By Michael Farber
April 26, 2010

There is a row of dark suits and white shirts hanging in the closet in Lou Lamoriello's office at the Prudential Center in Newark. Maybe somewhere Lamoriello, whose title of President/CEO/General Manager barely scrapes the surface -- more than any hockey executive, he is the franchise -- has a pale lilac dress shirt or one of those blue models with a white collar. Or perhaps when he steps out on a summer Saturday night, he sports a snappy three-piece, two-button gray pinstripe suit.

Okay. Probably not.

There is one way to dress in Lamoriello's world, just like there is one way to play hockey. Orderly. Dependably. Responsibly. You might even venture to say correctly if you can overlook the raft of recent playoff disappointments by a franchise that is the only rival to Detroit for 15-plus years of sustained excellence.

So the question in the wake of Jacques Lemaire's abrupt retirement is: When Lamoriello hires yet another coach in what has become a depressingly annual event in northern New Jersey, does he find one who is inclined to try something different for the same-old, same-old Devils?

In other words, does a man I've never seen wear them change his stripes?

The Devils Way can still win, obviously.If those three Stanley Cups in New Jersey have slipped your mind, a quick glance at the sudden success of the Phoenix Coyotes is a reminder that a responsible defensive team willing to play within a system is capable of achieving wonders. But there are other ways to go about your business. In Detroit, for example, coach Mike Babcock is not unduly concerned by what his players do once they are over the attacking blueline. The other two-thirds of the ice, however, pretty much belongs to the Red Wings' system.

Not that Babcock's view of the game deviates wildly from the norm. But Babcock and other coaches offer their players at least the perception of freedom that is prized by offensive virtuosi like Ilya Kovalchuk, the round peg in the Devils' square hole since his acquisition. Lemaire -- or Brent Sutter or any of their predecessors, for that matter -- never told a player, "Don't score goals." But Lemaire's defensemen largely were static, and in his second term with the Devils he didn't have the offensive depth of those counterpunching teams in the mid-1990s, which scored goals in bushels because they attacked smartly in transition.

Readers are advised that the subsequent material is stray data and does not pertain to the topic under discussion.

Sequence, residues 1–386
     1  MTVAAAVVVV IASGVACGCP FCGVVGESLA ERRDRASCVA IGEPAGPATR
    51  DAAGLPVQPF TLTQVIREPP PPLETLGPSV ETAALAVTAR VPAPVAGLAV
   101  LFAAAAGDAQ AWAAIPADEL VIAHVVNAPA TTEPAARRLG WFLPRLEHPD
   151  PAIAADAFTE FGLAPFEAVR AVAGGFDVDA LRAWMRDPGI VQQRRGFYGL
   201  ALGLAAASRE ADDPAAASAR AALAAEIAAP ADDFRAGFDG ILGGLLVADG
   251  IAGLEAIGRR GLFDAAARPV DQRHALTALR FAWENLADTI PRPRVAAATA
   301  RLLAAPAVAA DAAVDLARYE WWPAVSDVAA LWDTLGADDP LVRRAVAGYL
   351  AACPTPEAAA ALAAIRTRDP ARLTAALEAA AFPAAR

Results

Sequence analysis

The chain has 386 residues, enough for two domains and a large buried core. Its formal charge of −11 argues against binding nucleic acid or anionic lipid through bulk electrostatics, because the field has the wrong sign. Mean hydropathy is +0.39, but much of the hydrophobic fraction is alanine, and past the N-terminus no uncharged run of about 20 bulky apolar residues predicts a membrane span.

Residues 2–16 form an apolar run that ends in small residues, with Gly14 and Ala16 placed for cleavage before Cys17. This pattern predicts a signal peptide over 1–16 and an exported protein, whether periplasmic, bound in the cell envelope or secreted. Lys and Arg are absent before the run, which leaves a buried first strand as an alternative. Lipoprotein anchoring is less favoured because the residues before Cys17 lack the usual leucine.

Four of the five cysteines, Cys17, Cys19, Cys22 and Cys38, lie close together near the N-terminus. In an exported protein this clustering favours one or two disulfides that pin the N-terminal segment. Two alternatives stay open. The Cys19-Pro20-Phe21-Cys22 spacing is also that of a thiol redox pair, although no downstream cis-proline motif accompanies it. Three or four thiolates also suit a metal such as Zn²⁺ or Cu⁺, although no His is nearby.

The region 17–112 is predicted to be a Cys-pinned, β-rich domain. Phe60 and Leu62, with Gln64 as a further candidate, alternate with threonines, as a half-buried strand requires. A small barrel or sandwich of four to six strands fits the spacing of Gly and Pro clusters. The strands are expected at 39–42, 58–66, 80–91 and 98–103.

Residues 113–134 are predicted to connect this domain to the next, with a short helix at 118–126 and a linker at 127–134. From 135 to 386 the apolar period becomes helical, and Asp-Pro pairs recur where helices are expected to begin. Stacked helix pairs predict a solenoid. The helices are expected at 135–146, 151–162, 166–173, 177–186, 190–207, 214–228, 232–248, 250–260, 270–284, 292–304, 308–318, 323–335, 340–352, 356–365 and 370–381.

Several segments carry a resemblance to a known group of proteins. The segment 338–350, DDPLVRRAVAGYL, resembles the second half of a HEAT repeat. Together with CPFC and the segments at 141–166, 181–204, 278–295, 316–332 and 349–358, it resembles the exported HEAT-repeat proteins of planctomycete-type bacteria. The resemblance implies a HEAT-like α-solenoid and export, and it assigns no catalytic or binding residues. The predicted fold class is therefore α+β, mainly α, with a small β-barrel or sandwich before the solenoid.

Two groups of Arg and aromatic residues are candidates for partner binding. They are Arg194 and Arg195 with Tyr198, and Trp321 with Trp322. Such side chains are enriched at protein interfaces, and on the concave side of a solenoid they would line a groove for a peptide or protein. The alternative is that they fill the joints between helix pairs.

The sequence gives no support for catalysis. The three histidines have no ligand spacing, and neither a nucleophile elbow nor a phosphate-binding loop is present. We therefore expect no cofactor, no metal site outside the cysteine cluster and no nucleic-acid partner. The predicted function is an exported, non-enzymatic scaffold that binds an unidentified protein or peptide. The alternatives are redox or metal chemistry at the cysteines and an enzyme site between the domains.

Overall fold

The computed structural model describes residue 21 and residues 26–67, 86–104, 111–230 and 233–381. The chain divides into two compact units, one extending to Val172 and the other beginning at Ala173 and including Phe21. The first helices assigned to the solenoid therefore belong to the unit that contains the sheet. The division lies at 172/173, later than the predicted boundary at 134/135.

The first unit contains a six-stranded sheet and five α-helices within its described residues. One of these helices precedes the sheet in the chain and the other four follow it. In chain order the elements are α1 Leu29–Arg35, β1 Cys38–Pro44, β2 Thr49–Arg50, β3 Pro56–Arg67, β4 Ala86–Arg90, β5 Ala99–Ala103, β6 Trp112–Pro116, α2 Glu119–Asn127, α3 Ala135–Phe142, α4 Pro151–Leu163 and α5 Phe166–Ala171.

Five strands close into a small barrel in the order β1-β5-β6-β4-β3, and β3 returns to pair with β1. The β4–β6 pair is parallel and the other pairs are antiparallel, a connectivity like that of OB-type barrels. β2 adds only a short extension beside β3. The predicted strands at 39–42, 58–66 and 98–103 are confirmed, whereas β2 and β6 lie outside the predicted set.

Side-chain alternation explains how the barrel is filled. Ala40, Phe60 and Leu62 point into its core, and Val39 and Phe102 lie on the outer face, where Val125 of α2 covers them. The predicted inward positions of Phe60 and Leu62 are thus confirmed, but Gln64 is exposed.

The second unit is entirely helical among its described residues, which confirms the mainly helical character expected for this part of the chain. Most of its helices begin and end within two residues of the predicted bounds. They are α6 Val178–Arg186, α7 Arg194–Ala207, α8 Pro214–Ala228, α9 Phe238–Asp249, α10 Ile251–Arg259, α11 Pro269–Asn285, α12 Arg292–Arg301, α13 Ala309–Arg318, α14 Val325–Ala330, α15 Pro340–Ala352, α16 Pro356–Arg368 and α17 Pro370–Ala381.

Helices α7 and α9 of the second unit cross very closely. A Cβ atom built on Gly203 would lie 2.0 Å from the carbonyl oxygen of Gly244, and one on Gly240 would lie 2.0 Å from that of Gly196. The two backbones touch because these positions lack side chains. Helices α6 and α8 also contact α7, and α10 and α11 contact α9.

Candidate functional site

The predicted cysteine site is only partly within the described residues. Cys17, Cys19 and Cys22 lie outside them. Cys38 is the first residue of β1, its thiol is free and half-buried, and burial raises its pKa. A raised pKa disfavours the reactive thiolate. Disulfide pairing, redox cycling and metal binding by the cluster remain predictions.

As left wing Zach Parise, a player without an ounce of guile, said of this team, "It's hard to score goals in this system."

Lemaire quit in Minnesota after the 2008-09 season because he was played out in St. Paul. But the short-term prospects of the Devils, plus his role as an assistant coach on Canada's 2010 Olympic team, seemed to energize him last fall. He'll turn 65 before the start of next season. He likes the Florida sun. Sometimes a man has to know when it's time to walk away, and who knows more about exits?

As an NHL player, Lemaire bolted after the Montreal Canadiens won a fourth straight Cup, in 1979. As Montreal's coach, he fled in 1985 because the pressure had become insane. Now, after just one year, he walks away from a team that has won only two playoff series since its last Cup, in 2003. He is as knowledgeable as any hockey man east of Scotty Bowman, which makes him useful in some capacity for the Devils. Lemaire can be an all-world second guesser.

Now Lamoriello, a member of the Hockey Hall of Fame, has to find a replacement capable of hanging around for much of the next decade. The process should be fascinating. Lamoriello is a man who will not compromise his values, not even to sell a couple of tickets. But with a plenty-of-good-seats-still-available arena, it probably wouldn't hurt to find a coach capable of injecting energy into the team and the hardy Devils loyalists who have had to endure premature playoff exits.

Like suits, championships don't necessarily come in only one color.

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